NEW YORK (WKBW) — New York Governor Andrew Cuomo announced a series of COVID-19 testing efforts will be put in place to improve the state's ability to detect and control the virus.
A pilot program to detect the presence of COVID-19 in wastewater, which is designed to be an early indicator of the virus spread, will begin to start sample collection in Buffalo, Albany and Newburgh. Sampling will also be expanded in Onondoga County.
"This exciting surveillance program is another tool in New York's pandemic arsenal to evaluate the effectiveness of social distancing measures and the phased reopening of the state," said New York State Health Commissioner Dr. Howard Zucker. "As we prepare for an anticipated 'second wave' of virus transmission this fall, we must utilize every piece of available scientific data to inform us and ensure our communities that we remain ahead of the virus when it reemerges."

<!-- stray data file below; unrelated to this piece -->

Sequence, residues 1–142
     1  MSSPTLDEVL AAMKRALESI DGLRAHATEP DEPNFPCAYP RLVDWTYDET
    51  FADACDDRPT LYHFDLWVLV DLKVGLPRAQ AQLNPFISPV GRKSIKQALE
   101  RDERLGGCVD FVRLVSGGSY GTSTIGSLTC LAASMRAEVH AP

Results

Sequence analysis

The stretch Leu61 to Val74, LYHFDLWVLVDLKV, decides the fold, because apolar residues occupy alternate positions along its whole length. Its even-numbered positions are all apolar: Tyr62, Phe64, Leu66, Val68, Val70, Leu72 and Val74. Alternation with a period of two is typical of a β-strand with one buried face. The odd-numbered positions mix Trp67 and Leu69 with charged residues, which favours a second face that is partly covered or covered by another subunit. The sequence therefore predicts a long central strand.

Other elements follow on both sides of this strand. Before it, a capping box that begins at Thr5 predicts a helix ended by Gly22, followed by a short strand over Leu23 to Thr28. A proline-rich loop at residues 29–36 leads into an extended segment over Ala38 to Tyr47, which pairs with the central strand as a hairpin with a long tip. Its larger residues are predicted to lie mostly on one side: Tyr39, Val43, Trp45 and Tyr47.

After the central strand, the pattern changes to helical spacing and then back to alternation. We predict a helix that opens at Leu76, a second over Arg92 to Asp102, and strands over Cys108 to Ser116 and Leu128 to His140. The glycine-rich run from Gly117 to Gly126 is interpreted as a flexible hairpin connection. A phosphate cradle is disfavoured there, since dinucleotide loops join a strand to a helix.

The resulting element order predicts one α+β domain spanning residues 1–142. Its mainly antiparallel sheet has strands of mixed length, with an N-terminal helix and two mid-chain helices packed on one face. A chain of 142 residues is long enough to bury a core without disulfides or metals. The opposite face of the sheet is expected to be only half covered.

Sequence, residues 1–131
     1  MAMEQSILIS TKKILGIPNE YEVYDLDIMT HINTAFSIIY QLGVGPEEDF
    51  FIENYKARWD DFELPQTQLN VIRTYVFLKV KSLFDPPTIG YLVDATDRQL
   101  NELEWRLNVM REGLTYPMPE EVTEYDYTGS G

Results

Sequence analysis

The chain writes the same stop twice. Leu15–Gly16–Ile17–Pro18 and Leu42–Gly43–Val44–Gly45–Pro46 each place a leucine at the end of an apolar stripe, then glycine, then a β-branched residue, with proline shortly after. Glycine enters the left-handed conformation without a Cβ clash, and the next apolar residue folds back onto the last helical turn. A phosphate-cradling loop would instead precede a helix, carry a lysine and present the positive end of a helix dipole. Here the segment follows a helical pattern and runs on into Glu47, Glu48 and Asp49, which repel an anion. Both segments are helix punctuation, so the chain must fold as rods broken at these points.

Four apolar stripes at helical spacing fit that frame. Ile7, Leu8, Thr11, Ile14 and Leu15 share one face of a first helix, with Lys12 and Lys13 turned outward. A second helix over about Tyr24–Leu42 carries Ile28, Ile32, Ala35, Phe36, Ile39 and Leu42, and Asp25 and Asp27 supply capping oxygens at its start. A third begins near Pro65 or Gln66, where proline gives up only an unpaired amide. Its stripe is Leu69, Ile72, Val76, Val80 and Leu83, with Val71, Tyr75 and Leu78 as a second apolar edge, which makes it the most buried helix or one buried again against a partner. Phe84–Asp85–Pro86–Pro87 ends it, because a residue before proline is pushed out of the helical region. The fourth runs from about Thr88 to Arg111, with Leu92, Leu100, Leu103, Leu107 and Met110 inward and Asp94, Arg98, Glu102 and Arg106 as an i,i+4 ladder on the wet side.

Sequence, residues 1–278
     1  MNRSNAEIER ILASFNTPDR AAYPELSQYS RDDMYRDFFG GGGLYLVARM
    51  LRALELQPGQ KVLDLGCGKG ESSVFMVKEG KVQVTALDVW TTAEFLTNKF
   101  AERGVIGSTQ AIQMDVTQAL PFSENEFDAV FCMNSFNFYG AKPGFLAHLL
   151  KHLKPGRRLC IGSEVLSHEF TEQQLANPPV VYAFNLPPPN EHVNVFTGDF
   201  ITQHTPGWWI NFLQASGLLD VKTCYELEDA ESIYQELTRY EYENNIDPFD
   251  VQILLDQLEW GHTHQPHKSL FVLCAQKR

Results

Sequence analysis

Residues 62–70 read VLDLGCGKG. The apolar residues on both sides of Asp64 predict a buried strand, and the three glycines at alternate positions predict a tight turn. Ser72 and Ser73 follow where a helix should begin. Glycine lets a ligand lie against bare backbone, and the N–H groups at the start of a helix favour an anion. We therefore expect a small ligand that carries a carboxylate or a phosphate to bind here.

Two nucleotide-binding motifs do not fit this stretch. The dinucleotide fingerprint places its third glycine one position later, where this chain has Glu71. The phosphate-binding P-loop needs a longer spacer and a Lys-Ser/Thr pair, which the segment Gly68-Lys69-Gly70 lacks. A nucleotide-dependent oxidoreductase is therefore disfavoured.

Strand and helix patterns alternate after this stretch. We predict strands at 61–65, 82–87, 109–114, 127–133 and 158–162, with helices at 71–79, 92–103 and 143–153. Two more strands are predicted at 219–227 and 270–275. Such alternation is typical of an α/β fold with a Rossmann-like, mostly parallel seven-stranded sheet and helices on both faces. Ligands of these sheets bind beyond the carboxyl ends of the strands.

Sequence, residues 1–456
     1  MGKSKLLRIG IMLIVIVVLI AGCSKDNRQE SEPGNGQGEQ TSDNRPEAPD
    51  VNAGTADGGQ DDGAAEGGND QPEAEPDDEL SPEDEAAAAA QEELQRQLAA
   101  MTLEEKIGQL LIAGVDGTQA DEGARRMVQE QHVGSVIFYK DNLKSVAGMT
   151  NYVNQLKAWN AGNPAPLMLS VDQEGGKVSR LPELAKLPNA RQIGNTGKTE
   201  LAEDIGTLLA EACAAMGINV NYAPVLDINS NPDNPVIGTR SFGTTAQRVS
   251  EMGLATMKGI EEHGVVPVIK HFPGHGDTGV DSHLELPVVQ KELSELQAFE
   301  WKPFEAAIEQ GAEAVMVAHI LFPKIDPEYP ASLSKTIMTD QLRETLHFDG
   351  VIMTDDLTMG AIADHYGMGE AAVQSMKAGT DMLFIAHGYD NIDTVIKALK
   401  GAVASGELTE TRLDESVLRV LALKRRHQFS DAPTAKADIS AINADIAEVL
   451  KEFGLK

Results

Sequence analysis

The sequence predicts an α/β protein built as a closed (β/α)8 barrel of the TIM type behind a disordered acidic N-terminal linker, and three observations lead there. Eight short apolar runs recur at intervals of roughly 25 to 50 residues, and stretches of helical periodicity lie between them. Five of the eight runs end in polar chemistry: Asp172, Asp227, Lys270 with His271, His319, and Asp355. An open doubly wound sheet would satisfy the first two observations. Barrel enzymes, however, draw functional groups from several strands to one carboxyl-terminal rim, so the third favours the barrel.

The governor also announced the discovery of several new clusters of COVID-19 at farms linked to seasonal workers who recently traveled to NY. Mobile testing teams will be dispatched to farms in rural counties across the state.
"Recognizing there are multiple factors that increase risk of COVID transmission present at farms across NYS, the State Department of Health and Department of Agriculture and Markets will deploy mobile testing teams to counties that have the highest influx of seasonal workers. The State will also support as needed with access to isolation housing for workers who test positive," a release states.
The State University of New York has also been approved by the New York State Department of Health to take on pooled surveillance testing for COVID-19. The governor's office says numerous samples can be run as part of one test, expanding testing capabilities as SUNY reopens for higher education across the state in the coming weeks.
"Thanks to SUNY Upstate Medical's research team, and Quadrant Biosciences and the team at SUNY System and SUNY Research Foundation, our testing capabilities are significantly expanded," said Robert Megna, SUNY Officer in Charge. "It will be faster and more cost-effective for the surveillance testing we need as we start to resume on-campus living. We thank the Governor for his leadership and the New York Department of Health for approving this testing."